It’s Sunday morning and a good time to reflect upon the past two weeks. Prior to them, I owned one Spartan trailer. Now I own two. I have already gone into the “accidentally on purpose” nature of the Spartanette purchase. So now let’s review how a scary and uncertain decision became a good one. To be certain, buying something as unique and subjective (as to its value and condition) on Ebay is risky. Pictures can be misleading, the sellers’ descriptions hyperbolic and, of course, the buyer’s willingness to be seduced by both limitless. It is a recipe for remorse. Then, of course, there is the reality of getting your purchase home. It can more than double your acquisition cost.
So, for any prospective Spartan owners out there, let me offer a few valuable lessons to guide you in your purchase.
- The California Spartan market is stacked against the buyer by the law of supply and demand. These things were built in Tulsa, Oklahoma and the original purchasers tended to be scattered more densely in the midwest, Texas and Northeast. Once purchased, these trailers tended to stay put. Add to that Californian’s appetite for new trends (Tiny homes, vintage anything and deep pockets) and the tendency is to overprice. There are exceptions. For example, last year I bought my ’57 IM with an extraorinarily clean body for $4,000 (delivered from Fresno for $500, also on Uship). But in the 18 months since, I have witnessed diminishing stock on Craigslist and Ebay. So, if you live in the West and want a Spartan, look East.
- Delivery options are varied and often costly, but patience can be rewarded with great deals. I posted a want ad on both Craigslist and Uship.com to have my Spartan brought to me from Pennsylvania. The search and bidding process took ten days. I got quotes mostly ranging from $2,500 – 3,200, door to door. A few of the low-ballers tended to be flaky and unrealistic. One guy thought he could just borrow a friend’s pick-up and enjoy a leisurely drive to Cali cross-country. We talked on the phone and he seemed legit. Then, he called his friend and crunched the numbers (fuel cost, room and board enroute) and I never heard from him again. Finally I got a great bid, seemingly too good to be true – $1,400. It was on Uship.com and I was cautiously optimistic. Talking to the bidder I learned that the trailer was to be piggy-backed on a pre-exiting box truck load coming this way. The driver and his side-kick were young, ambitious and hungry. The arrived within 48 hours of striking a bargain with me. They drove non-stop. All told, I had a 1948 Spartanette for just over $4,000 delivered, including a nice big tip, well-deserved. The take-away? Talk to the trailer seller and see if he/she will work with you. As long as they don’t have to get the trailer out of their hair immediately, be patient and a good, inexpensive delivery option may be in the offing.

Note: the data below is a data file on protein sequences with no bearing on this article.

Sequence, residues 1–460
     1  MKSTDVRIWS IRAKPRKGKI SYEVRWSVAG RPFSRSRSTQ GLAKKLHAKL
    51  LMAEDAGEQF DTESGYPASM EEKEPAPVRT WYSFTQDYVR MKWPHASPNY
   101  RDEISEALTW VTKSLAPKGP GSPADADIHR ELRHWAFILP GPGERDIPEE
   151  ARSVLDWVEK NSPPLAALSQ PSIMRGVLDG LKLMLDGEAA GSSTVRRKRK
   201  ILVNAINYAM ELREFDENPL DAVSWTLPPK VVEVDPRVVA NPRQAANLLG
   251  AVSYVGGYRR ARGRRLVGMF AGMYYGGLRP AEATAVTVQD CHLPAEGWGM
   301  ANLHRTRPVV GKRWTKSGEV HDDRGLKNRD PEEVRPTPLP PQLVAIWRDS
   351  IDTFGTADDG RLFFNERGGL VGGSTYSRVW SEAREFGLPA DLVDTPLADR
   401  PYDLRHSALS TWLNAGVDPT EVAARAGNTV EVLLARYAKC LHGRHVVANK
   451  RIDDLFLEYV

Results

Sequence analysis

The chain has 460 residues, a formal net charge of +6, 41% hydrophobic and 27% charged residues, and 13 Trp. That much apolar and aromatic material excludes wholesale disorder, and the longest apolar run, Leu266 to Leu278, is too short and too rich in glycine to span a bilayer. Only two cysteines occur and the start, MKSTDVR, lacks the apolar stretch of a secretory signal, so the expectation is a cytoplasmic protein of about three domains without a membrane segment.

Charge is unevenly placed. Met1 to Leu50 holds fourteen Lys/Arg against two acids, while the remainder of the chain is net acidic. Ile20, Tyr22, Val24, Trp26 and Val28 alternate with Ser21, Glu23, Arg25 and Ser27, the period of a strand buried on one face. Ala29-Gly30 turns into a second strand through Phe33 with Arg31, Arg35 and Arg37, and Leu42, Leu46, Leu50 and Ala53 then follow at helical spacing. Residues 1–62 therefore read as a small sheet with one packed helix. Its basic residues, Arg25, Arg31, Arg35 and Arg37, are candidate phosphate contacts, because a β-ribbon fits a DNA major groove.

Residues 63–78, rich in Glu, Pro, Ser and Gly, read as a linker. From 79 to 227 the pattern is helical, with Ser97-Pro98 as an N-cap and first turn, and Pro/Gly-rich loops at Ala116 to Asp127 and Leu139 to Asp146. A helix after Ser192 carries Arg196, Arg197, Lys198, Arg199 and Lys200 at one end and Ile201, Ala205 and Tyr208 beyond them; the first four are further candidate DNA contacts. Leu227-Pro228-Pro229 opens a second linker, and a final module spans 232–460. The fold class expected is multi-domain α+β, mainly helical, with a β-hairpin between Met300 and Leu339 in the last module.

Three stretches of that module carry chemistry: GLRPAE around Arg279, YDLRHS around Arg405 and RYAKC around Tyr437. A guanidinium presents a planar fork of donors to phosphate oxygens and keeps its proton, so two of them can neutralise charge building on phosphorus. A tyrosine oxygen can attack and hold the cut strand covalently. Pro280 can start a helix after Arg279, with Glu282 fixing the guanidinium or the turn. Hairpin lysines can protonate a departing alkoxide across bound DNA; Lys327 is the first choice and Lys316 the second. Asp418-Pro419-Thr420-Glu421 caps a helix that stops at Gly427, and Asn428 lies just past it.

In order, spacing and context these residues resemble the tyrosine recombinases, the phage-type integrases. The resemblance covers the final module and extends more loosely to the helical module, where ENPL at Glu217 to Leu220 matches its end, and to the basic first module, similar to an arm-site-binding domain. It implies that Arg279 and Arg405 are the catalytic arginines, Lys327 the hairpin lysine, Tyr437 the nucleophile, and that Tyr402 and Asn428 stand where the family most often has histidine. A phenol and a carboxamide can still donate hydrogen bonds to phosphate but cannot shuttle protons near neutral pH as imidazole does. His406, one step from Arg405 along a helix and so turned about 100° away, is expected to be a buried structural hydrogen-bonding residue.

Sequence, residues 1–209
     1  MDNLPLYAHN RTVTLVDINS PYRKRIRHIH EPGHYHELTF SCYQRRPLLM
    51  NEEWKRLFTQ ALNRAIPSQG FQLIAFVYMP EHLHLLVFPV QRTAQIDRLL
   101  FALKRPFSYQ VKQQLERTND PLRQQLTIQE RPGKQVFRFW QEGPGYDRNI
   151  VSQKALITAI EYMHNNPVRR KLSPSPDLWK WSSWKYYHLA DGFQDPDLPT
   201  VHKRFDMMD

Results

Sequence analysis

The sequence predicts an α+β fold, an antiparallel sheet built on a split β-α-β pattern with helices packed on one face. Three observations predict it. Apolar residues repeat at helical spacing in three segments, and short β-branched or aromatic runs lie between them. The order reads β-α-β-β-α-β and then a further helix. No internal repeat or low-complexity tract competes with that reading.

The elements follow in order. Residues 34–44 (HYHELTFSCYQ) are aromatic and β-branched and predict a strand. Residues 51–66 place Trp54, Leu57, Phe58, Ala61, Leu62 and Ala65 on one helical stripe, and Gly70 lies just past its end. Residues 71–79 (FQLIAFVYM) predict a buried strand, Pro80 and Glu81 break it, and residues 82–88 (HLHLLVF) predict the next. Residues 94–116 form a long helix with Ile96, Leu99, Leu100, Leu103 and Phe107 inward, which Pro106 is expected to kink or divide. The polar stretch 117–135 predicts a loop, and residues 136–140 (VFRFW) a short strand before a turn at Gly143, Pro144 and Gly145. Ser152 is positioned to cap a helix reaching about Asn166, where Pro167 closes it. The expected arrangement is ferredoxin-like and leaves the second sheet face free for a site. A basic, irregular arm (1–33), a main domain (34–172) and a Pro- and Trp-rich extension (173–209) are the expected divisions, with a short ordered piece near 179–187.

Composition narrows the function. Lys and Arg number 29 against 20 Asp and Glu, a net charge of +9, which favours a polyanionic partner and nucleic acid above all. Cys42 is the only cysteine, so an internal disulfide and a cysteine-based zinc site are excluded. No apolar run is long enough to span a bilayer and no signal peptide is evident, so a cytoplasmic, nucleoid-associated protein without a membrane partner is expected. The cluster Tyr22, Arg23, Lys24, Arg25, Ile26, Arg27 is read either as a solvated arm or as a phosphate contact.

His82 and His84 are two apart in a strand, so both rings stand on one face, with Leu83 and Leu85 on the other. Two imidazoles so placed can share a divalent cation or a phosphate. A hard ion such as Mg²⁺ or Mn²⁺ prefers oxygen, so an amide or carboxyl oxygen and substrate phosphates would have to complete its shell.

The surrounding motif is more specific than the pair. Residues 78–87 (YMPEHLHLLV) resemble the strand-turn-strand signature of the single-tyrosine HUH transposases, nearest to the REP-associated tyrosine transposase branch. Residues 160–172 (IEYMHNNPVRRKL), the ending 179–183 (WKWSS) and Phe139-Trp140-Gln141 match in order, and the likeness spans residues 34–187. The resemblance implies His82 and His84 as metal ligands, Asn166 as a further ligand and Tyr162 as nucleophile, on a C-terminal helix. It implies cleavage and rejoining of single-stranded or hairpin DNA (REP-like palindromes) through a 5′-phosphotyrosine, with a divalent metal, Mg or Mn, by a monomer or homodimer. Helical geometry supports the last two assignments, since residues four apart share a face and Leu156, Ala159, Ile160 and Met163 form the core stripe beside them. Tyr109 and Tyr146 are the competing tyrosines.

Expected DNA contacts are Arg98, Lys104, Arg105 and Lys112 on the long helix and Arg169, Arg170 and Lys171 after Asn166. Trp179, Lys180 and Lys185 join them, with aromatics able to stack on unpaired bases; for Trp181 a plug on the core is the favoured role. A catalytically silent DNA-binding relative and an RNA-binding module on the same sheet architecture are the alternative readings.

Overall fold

- Paying for your purchase. I don’t like Pay-pal. Yeah, I know they offer some security by vetting both buyers and sellers (theoretically) but they play the float game. After trying to pay for my purchase through Paypal. the seller balked when he learned PP wouldn’t release funds for five days. He wouldn’t let the trailer out of his hands until the cash was in ’em. So I cancelled PP (and five days later they are still holding onto my $2 grand…bastards) and tried Western Union. After a 30 minute process filling out forms, paying my $40 and talking to their underwriting people, they denied the transaction citing “a rash of fraudulent purchases on Ebay”. In the end, I went to Walmart, spent 5 minutes and $16 sending the payment store to store. I was happy, the seller was happy and my trailer was on its way the next morning. Lesson? Fuck PP and WU. I can say that, right?
It’s almost nine am, I’ve catered the last two days and it’s time to get to work on my two old beauties. So I will leave you with a few pics offering the good and not-so-good: